5.1 The Likelihood Function: Bernoulli Distribution
5.2 A Description of Beliefs: The Beta Distribution
5.2.1 Specifying a Beta Prior
5.2.2 The Posterior Beta
5.3 Three Inferential Goals
5.3.1 Estimating the Binomial Proportion
5.3.2 Predicting Data
5.3.3 Model Comparison
5.4 Summary: How to Do Bayesian Inference
5.5 R Code
5.5.1 R Code for Figure 5.2
6.) Inferring a Binomial Proportion via Grid Approximation
6.1 Bayes’ Rule for Discrete Values of 0
6.2 Discretizing a Continuous Prior Density
6.2.1 Examples Using Discretized Priors
6.4 Prediction of Subsequent Data
6.5 Model Comparison
6.7 R Code
6.7.1 R Code for Figure 6.2 and the Like
7.) Inferring a Binomial Proportion via the Metropolis Algorithm
7.1 A Simple Case of the Metropolis Algorithm
7.1.1 A Politician Stumbles on the Metropolis Algorithm
7.1.2 A Random Walk
7.1.3 General Properties of a Random Walk
7.1.4 Why We Care
7.1.5 Why It Works
7.2 The Metropolis Algorithm More Generally
7.2.1 "Burn-in," Efficiency, and Convergence
7.2.2 Terminology: Markov Chain Monte Carlo
7.3 From the Sampled Posterior to the Three Goals
7.3.3 Model Comparison: Estimation of p(D)
7.4 MCMC in BUGS
7.4.1 Parameter Estimation with BUGS
7.4.2 BUGS for Prediction
7.4.3 BUGS for Model Comparison
7.6 R Code
7.6.1 R Code for a Home-Grown Metropolis Algorithm
8.) Inferring Two Binomial Proportions via Gibbs Sampling
8.1 Prior, Likelihood, and Posterior for Two Proportions
8.2 The Posterior via Exact Formal Analysis
8.3 The Posterior via Grid Approximation
8.4 The Posterior via Markov Chain Monte Carlo
8.4.1 Metropolis Algorithm
8.4.2 Gibbs Sampling
8.5 Doing It with BUGS
8.5.1 Sampling the Prior in BUGS
8.6 How Different Are the Underlying Biases?
8.8 R Code
8.8.1 R Code for Grid Approximation (Figures 8. and 8.2)
8.8.2 R Code for Metropolis Sampler (Figure 8.3)
8.8.3 R Code for BUGS Sampler (Figure 8.6)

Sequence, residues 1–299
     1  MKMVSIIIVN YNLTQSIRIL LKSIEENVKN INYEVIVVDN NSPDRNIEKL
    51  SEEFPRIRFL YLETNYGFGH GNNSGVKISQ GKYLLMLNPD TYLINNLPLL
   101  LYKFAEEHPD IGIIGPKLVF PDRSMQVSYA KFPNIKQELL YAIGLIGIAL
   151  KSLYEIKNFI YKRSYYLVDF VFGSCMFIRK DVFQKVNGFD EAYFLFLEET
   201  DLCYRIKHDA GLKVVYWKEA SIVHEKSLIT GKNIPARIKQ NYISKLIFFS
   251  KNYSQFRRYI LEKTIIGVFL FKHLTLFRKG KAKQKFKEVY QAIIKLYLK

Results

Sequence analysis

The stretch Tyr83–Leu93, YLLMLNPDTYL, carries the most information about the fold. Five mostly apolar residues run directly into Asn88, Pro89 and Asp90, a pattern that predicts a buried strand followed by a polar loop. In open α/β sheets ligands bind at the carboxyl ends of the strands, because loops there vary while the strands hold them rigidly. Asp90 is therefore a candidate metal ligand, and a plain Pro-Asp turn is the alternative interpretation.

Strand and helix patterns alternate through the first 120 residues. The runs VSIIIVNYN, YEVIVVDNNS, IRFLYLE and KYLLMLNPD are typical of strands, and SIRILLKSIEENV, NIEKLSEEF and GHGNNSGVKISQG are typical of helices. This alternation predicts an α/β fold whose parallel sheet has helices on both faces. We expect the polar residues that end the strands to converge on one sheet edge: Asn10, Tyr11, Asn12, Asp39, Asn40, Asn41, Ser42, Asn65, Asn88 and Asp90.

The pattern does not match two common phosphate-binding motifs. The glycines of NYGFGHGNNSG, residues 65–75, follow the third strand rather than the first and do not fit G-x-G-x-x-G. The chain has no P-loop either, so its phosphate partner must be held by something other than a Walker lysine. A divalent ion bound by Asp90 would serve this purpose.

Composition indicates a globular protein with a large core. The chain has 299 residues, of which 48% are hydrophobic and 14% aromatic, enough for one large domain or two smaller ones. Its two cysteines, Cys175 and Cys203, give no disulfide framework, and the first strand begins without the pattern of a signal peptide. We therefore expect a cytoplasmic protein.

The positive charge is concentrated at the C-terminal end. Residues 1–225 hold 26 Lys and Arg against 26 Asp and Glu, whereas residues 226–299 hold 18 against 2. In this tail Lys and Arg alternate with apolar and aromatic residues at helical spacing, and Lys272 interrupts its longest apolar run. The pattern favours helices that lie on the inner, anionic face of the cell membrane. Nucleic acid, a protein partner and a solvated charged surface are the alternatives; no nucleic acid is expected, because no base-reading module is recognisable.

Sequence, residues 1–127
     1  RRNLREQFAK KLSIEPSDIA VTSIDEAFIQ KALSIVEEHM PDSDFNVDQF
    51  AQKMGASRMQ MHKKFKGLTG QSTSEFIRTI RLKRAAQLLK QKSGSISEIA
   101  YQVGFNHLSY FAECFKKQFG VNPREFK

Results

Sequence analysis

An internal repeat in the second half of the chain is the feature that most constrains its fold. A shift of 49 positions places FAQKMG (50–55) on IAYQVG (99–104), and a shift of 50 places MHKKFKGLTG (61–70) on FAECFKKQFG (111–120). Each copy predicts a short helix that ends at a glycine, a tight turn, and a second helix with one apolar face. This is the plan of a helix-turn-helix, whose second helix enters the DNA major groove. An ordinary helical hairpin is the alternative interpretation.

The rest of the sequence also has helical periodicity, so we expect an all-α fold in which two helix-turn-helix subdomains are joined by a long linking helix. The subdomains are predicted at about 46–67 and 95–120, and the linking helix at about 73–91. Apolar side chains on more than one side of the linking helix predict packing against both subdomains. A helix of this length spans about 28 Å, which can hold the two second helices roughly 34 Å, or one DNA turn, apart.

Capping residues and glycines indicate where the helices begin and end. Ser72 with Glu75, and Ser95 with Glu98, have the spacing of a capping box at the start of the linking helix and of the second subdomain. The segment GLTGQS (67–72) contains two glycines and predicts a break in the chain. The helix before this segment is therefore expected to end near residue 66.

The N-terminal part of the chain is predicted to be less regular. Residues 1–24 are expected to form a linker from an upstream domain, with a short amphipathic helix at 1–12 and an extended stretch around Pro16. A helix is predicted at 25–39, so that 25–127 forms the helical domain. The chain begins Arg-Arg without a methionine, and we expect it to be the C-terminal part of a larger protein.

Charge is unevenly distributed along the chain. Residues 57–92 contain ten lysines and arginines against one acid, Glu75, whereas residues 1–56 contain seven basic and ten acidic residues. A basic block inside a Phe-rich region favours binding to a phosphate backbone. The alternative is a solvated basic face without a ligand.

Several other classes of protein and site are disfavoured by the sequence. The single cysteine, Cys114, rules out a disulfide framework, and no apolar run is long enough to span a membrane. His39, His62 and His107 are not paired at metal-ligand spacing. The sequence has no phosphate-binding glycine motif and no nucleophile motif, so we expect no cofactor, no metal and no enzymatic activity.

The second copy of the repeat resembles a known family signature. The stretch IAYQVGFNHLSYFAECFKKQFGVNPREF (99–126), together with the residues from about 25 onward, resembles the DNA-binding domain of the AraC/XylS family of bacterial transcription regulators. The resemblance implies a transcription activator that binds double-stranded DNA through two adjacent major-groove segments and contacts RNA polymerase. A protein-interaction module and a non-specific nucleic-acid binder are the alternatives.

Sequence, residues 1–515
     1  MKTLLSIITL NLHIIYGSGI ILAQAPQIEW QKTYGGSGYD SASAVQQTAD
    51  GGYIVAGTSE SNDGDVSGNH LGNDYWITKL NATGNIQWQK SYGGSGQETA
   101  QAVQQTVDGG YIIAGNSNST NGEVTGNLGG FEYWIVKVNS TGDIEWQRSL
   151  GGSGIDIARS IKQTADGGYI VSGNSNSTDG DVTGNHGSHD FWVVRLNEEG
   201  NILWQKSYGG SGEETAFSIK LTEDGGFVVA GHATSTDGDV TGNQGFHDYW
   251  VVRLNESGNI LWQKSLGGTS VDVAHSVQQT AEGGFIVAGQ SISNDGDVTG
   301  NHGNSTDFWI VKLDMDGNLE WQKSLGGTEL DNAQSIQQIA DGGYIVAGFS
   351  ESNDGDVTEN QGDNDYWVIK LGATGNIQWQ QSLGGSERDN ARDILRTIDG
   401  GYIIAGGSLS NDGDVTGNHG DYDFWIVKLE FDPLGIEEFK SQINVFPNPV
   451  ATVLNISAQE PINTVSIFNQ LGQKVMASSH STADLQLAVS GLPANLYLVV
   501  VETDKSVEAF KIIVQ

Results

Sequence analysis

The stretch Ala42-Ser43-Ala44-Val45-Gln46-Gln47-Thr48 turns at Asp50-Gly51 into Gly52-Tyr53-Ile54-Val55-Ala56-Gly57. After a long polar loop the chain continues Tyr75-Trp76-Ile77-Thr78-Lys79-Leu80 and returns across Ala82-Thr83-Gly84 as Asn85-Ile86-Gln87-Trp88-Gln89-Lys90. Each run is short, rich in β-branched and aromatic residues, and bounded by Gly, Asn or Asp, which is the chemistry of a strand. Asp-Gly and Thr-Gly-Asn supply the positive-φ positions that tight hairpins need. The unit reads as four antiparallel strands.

8.8.4 R Code for Plotting a Posterior Histogram
9.) Bernoulli Likelihood with Hierarchical Prior
9.1 A Single Coin from a Single Mint
9.2 Multiple Coins from a Single Mint
9.2.1 Posterior via Grid Approximation
9.2.2 Posterior via Monte Carlo Sampling
9.2.3 Outliers and Shrinkage of Individual Estimates
9.2.4 Case Study: Therapeutic Touch
9.2.5 Number of Coins and Flips per Coin
9.3 Multiple Coins from Multiple Mints
9.3.1 Independent Mints
9.3.2 Dependent Mints
9.3.3 Individual Differences and Meta-Analysis
9.5 R Code
9.5.1 Code for Analysis of Therapeutic-Touch Experiment
9.5.2 Code for Analysis of Filtration-Condensation Experiment
10.) Hierarchical Modeling and Model Comparison
10.1 Model Comparison as Hierarchical Modeling
10.2 Model Comparison in BUGS
10.2.1 A Simple Example
10.2.2 A Realistic Example with "Pseudopriors"
10.2.3 Some Practical Advice When Using Transdimensional MCMC with Pseudopriors
10.3 Model Comparison and Nested Models
10.4 Review of Hierarchical Framework for Model Comparison
10.4.1 Comparing Methods for MCMC Model Comparison
10.4.2 Summary and Caveats
11.) Null Hypothesis Significance Testing
11.1 NHST for the Bias of a Coin
11.1.1 When the Experimenter Intends to Fix N
11.1.2 When the Experimenter Intends to Fix z
11.1.3 Soul Searching
11.1.4 Bayesian Analysis
11.2 Prior Knowledge about the Coin
11.2.1 NHST Analysis
11.2.2 Bayesian Analysis
11.3 Confidence Interval and Highest Density Interval
11.3.1 NHST Confidence Interval
11.3.2 Bayesian HDI
11.4 Multiple Comparisons
11.4.1 NHST Correction for Experimentwise Error
11.4.2 Just One Bayesian Posterior No Matter How You Look at It
11.4.3 How Bayesian Analysis Mitigates False Alarms
11.5 What a Sampling Distribution Is Good For
11.5.1 Planning an Experiment
11.5.2 Exploring Model Predictions (Posterior Predictive Check)
12.) Bayesian Approaches to Testing a Point ("Null") Hypothesis
12.1 The Estimation (Single Prior) Approach
12.1.1 Is a Null Value of a Parameter among the Credible Values?
12.1.2 Is a Null Value of a Difference among the Credible Values?
12.1.3 Region of Practical Equivalence (ROPE)
12.2 The Model-Comparison (Two-Prior) Approach
12.2.1 Are the Biases of Two Coins Equal?
12.2.2 Are Different Groups Equal?
12.3 Estimation or Model Comparison?
12.3.1 What Is the Probability That the Null Value Is True?
12.4 R Code
12.4.1 R Code for Figure 12.5
13.) Goals, Power, and Sample Size
13.1 The Will to Power
13.1.1 Goals and Obstacles
13.1.3 Sample Size
13.1.4 Other Expressions of Goals
13.2 Sample Size for a Single Coin
13.2.1 When the Goal Is to Exclude a Null Value
13.2.2 When the Goal Is Precision
13.3 Sample Size for Multiple Mints
13.4 Power: Prospective, Retrospective, and Replication
13.4.1 Power Analysis Requires Verisimilitude of Simulated Data